SENATORS FILE LEGISLATION TO ADDRESS AT-RISK MOTHERS IN TEXAS; COMBAT GENOCIDE IN THE SUDAN
|Senator Rodney Ellis of Houston lays out his plan to put economic pressure on the Sudanese government to end the genocide in Darfur. He is joined (L to R) by Representative Helen Giddings, Railroad Commissioner Mike Williams, Representative Ruth McClendon and Senator Florence Shapiro.|
(AUSTIN) — Senator Rodney Ellis of Houston announced today, January 24, that he has filed legislation that would prevent state pension funds from investing in companies that conduct business with the government of the Sudan. Ellis said he hopes this bill will put pressure on the Sudanese government to stop the genocide that has killed an estimated 400,000 or more people in the Darfur region of that country.
Senate Bill 247, titled the "Stop Darfur Genocide Act", would require the Teacher Retirement System and the Employee Retirement System to divest money from companies that do business with the Sudanese regime, do not offer significant benefits to the people of Sudan, and have not taken a stance against the genocide in the Darfur region. Ellis said that companies which have a positive impact on Sudanese citizens, such as those in the medical or agricultural fields, would be exempted from this requirement.
This bill would enact a law already passed by six different states, and under consideration by legislatures in 20 others. Ellis pointed to similar measures which helped end apartheid in South Africa as a successful example of how economic sanctions can be an effective tool for changing domestic policy in other countries. He added that the Texas bill would only punish the most egregious offenders and would not harm the people of Sudan. "This targeted disinvestment approach will maximize the impact to the Sudanese government, while minimizing harms to the Sudanese citizens and investment returns," said Ellis.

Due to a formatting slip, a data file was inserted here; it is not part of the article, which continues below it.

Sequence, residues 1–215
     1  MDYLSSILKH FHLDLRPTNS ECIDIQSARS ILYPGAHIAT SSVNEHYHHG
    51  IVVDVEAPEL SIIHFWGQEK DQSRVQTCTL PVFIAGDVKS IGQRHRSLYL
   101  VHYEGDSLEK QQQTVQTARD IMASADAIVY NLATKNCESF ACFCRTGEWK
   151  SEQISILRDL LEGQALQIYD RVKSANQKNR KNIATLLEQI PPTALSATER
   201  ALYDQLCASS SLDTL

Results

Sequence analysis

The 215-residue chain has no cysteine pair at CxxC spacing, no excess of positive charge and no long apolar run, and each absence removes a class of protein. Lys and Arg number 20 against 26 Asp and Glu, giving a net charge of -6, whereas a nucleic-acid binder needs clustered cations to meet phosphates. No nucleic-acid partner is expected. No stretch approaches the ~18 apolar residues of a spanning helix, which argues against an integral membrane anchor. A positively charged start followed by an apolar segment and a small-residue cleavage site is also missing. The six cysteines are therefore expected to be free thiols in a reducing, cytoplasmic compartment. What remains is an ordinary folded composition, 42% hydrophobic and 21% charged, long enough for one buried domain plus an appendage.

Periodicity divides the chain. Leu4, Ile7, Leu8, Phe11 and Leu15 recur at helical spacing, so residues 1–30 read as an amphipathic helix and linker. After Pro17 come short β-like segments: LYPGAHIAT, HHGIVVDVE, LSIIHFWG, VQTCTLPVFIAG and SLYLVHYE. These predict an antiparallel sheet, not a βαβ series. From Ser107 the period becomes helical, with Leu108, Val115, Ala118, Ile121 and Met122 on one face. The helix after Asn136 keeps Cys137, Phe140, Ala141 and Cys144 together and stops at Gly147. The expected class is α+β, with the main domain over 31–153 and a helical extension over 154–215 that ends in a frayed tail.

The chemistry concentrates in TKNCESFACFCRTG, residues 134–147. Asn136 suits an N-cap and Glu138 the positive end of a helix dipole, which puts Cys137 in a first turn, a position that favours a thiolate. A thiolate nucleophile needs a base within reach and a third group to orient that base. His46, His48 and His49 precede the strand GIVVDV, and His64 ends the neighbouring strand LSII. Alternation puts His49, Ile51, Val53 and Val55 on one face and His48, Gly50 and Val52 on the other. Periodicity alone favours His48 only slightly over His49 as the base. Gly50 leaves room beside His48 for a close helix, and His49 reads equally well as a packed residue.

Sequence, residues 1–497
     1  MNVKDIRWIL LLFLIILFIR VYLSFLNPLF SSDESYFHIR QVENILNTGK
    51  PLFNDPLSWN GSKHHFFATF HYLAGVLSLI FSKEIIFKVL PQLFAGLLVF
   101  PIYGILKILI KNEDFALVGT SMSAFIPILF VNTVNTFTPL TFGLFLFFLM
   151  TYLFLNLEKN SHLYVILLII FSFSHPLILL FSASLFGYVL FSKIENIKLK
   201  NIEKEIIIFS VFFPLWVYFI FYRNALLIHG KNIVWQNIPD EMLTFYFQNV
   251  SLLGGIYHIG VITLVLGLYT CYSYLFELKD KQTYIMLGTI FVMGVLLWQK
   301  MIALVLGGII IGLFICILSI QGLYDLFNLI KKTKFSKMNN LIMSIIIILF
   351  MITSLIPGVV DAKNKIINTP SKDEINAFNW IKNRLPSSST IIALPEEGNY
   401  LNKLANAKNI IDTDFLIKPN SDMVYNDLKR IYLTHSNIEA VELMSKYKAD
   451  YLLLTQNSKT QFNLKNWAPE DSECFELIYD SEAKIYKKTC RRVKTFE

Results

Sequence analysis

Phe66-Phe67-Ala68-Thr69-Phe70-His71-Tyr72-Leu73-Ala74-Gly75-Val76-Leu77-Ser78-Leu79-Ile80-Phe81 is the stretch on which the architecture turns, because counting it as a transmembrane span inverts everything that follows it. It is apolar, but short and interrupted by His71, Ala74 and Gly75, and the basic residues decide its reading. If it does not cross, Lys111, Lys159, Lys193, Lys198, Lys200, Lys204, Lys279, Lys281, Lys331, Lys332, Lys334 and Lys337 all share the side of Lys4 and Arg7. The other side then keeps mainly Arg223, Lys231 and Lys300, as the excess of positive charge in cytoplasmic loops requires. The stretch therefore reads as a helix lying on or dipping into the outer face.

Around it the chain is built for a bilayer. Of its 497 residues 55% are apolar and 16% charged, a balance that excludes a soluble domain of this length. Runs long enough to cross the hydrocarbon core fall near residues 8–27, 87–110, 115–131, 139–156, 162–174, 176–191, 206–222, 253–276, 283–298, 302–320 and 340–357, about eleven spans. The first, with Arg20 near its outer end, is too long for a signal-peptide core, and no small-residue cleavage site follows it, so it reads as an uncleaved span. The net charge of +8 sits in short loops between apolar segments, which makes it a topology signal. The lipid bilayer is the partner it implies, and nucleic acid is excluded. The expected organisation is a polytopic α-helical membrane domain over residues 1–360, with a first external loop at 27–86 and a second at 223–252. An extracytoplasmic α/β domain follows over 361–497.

In a later press conference, Plano Senator Florence Shapiro said today that she has filed a bill to expand a successful Nurse/Family Partnership initiative (NFP) from a pilot program in Dallas to service the entire state. Senate Bill 156 would create a grant program to allow other areas in the state to start their own NFP programs to service low-income, high-risk, single mothers in their first pregnancy. NFP teams nurses with these mothers to teach them about proper pre-and post-natal care, as well as helping mothers establish and achieve their own life goals. Mothers are eligible for NFP for up to two years following the birth of their child.
House sponsor Representative Jerry Madden, who chairs the House Corrections Committee, sees this program as a powerful tool to reduce crime in Texas by giving children a better start on life. He added that this program, which began in the United States in 1977, has shown convincing evidence that it significantly reduces crime rates among those individuals who grew up under this program. "The Nurse/Family Partnership has demonstrated consistent, quantifiable outcomes that are verifiable through multiple randomized tests with the first populations [in NFP]. It works everywhere," said Madden.
In addition to reducing crime and giving children a better start on life, Shapiro said this program is among the most cost effective of any prevention program. She cited a Rand Corporation study finding showing that for every dollar invested in NFP, the government gets a return of $5.70 in terms of corrections and health care savings. Shapiro said investing in NFP is good both for children, and for the state budget. "I have always believed in evidence based prevention programs," she said, "I believe in the long term effects of a long-term initiative that will truly save dollars, not just talk about it, and we've seen the evidence that goes along with it."
The Senate will reconvene Monday, January 29, at 1:30 p.m.